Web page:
Western churches

    A typical Western image of the Pentecost. Duccio di Buoninsegna (1308) Tempera on wood.
    A typical Western image of the Pentecost. Duccio di Buoninsegna (1308) Tempera on wood
    The liturgical celebrations of Pentecost in Western churches are as rich and varied as those in the East. The main sign of Pentecost in the West is the color red. It symbolizes joy and the fire of the Holy Spirit. Priests or ministers & choirs wear red vestments, and in modern times, the custom has extended to the lay people of the congregation wearing red clothing in celebration as well. Red banners are often hung from walls or ceilings to symbolize the blowing of the "mighty wind"[18] and the free movement of the Spirit.[19]

    They may depict symbols of the Holy Spirit, such as the dove or flames, symbols of the church such as Noah's Ark and the Pomegranate, or especially within Protestant churches of Reformed and Evangelical traditions, words rather than images naming for example, the gifts and Fruits of the Spirit. Red flowers at the altar/ preaching area, and red flowering plants such as geraniums around the church are also typical decorations for Pentecost masses/services. These symbolize the renewal of life, the coming of the warmth of summer, and the growth of the church at and from the first Pentecost. These flowers often play an important role in the ancestral rites, and other rites, of the particular congregation. For example, in both Protestant & Catholic churches, the plants brought in to decorate for the holiday may be each "sponsored" by individuals in memory of a particular loved one, or in honor of a living person on a significant occasion, such as their Confirmation day. These dedications are then printed in bulletins distributed at the service.[20]

    In the German speaking lands, in Central Europe, and wherever the people of these nations have wandered, green branches are also traditionally used to decorate churches for Pentecost. Birch is the tree most typically associated with this practice in Europe, but other species are employed in different climates.

    The singing of Pentecost hymns is also central to the celebration in the Western tradition. Hymns such as Martin Luther's "Come Holy Spirit God & Lord" ("Komm Heiliger Geist Herre Gott"),[21][22] Charles Wesley's "Spirit of Faith Come Down"[23][24] & "Come Holy Ghost Our Hearts Inspire" [25] or Hildegard von Bingen's "O Holy Spirit Root of Life" [26][27] are popular. Some traditional hymns of Pentecost make reference not only to themes relating to the Holy Spirit or the church, but to folk customs connected to the holiday as well, such as the decorating with green branches.[28] Consider "Oh that I had a Thousand Voices" ("O daß ich tausend Zungen hätte")[29][30] by German, Johann Mentzer Verse 2: "Ye forest leaves so green and tender, that dance for joy in summer air…" or "O Day Full of Grace" ("Den signede Dag")[31][32] by Dane, Nikolai Grundtvig verse 3: "Yea were every tree endowed with speech and every leaflet singing…". In the Roman Catholic Church, Veni Sancte Spiritus is the sequence hymn for the Day of Pentecost. This has been translated into many languages and is sung in many denominations today. See also Veni Creator Spiritus.[33][34]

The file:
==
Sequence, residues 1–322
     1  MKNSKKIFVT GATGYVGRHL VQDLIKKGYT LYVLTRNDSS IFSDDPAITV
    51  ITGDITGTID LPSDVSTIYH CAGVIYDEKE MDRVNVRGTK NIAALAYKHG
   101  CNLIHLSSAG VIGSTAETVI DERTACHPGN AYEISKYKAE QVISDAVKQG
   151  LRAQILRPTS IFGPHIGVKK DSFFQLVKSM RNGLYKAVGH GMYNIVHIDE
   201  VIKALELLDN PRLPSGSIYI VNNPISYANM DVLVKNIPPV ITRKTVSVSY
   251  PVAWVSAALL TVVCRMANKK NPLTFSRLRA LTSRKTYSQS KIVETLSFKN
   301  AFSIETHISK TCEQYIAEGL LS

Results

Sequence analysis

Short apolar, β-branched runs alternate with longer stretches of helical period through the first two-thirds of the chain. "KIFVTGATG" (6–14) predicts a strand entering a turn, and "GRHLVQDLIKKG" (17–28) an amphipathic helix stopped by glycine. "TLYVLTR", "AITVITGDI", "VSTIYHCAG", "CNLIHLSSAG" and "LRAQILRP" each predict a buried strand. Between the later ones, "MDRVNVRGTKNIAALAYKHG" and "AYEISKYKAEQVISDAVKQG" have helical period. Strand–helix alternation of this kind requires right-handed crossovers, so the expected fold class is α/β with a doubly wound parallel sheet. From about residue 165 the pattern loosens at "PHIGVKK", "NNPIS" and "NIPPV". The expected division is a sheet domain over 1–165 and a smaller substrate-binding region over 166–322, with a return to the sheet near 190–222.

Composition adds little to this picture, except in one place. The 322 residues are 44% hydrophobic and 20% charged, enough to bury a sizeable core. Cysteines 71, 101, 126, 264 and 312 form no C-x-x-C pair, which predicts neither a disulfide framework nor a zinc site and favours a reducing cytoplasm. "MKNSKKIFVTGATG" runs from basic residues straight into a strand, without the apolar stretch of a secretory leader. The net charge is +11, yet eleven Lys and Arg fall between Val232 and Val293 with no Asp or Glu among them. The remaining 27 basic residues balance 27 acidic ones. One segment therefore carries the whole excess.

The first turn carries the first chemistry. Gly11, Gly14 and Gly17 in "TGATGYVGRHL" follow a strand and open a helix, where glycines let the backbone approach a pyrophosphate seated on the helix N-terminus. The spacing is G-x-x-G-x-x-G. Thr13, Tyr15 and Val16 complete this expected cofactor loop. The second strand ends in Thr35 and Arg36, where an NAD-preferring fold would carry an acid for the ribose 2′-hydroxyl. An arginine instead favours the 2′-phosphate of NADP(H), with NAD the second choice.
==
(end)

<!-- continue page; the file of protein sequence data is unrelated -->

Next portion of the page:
Trumpeters or brass ensembles are often specially contracted to accompany singing and provide special music at Pentecost services, recalling the Sound of the mighty wind.[18] While this practice is common among a wide spectrum of Western denominations (Eastern Churches do not employ instrumental accompaniment in their worship) it is particularly typical, and distinctive to the heritage of the Moravian Church.[35]

    Another custom is reading the appointed Scripture lessons in multiple foreign languages recounting the speaking in tongues recorded in Acts 2:4-12.[36]

    In the Middle Ages, cathedrals and great churches throughout Western Europe were fitted with a peculiar architectural feature known as a Holy Ghost hole; a small circular opening in the roof that symbolized the entrance of Holy Spirit into the midst of the assembled worshippers. At Pentecost, these Holy Ghost holes would be decorated with flowers, and sometimes a dove figure lowered through into the church while the story of the Pentecost was read. Holy Ghost holes can still be seen today in European churches such as Canterbury Cathedral.